Roche says MS drug better than Merck’s Rebif

Roche’s Ocrevus (ocrelizumab) is better at controlling disease activity in relapsing multiple sclerosis than German Merck’s Rebif (interferon beta-1a), according to late stage trial data.

The drug was also able to halt disease progression in some patients with primary progressive MS, a form of disease for which there is no approved treatment.

Roche said that a 75% higher proportion of relapsing multiple sclerosis patients (RMS) achieved No Evidence of Disease Activity with Ocrevus compared with Merck KGaA’s Rebif.

In primary progressive multiple sclerosis (PPMS), a 47% higher proportion of patients achieved no evidence of progression with Ocrevus compared with placebo.

Ocrevus increased disease control in patients with RMS and PPMS in separate post-hoc analyses, the company said, based on findings of pooled data from the phase 3 OPERA I and OPERA II studies.

The drug is predicted to be a serious challenger in multiple sclerosis, with EP Vantage predicting sales of around $4.4 billion by 2020.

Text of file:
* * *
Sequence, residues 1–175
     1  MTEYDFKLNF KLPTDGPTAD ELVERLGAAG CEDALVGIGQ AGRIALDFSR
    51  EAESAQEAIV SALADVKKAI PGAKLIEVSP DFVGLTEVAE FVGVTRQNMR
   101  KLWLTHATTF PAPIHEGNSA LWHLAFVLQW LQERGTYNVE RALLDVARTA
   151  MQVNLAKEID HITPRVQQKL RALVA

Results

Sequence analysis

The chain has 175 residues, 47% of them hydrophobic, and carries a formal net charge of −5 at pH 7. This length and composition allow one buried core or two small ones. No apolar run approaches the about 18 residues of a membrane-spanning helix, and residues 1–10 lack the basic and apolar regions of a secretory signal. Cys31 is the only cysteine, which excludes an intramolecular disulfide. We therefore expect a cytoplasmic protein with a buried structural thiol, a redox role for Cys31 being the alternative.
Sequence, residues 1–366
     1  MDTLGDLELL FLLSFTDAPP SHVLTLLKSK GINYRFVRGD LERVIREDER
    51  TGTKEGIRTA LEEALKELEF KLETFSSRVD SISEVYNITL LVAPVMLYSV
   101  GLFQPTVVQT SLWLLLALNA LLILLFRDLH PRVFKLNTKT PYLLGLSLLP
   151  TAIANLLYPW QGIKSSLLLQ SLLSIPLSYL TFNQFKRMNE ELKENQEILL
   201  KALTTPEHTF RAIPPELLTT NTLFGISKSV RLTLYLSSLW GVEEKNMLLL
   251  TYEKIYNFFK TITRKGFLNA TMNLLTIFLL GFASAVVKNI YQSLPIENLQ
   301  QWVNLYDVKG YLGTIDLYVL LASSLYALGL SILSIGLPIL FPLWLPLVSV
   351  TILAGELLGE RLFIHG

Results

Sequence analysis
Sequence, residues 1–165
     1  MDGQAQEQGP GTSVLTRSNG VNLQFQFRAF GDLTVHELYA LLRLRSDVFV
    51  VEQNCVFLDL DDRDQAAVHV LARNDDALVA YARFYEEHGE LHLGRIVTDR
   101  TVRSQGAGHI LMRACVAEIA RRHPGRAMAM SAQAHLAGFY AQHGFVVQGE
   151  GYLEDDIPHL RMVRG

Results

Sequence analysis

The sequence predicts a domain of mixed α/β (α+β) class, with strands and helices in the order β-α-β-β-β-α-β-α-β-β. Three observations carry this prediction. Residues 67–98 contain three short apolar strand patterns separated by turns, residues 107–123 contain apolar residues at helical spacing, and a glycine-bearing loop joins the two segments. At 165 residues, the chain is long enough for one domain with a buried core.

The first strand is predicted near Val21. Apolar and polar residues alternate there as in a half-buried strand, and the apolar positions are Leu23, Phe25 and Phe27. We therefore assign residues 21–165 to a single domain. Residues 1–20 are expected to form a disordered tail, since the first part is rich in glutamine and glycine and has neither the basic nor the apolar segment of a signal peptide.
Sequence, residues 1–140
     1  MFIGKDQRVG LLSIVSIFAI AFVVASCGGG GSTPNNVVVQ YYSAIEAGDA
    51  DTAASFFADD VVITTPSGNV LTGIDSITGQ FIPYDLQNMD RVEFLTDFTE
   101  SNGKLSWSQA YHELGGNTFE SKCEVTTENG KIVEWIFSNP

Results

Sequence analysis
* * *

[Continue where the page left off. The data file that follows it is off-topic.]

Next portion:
This will mean the drug will be vying with Biogen’s Tecfidera (dimethyl fumarate) for supremacy in the MS market.

However, Biogen will still get a royalty from Ocrevus as it was originally developed by Idec, which merged with Biogen in 2003.

The US Food and Drug Administration is due to make a decision on Ocrevus by December 28, and the drug is also under review by the European Medicines Agency.

If approved it will be the first treatment for both forms of MS, covering around 95% of the disease population.

Data were presented at the European Committee for Treatment and Research in Multiple Sclerosis (ECTRIMS) conference in London.

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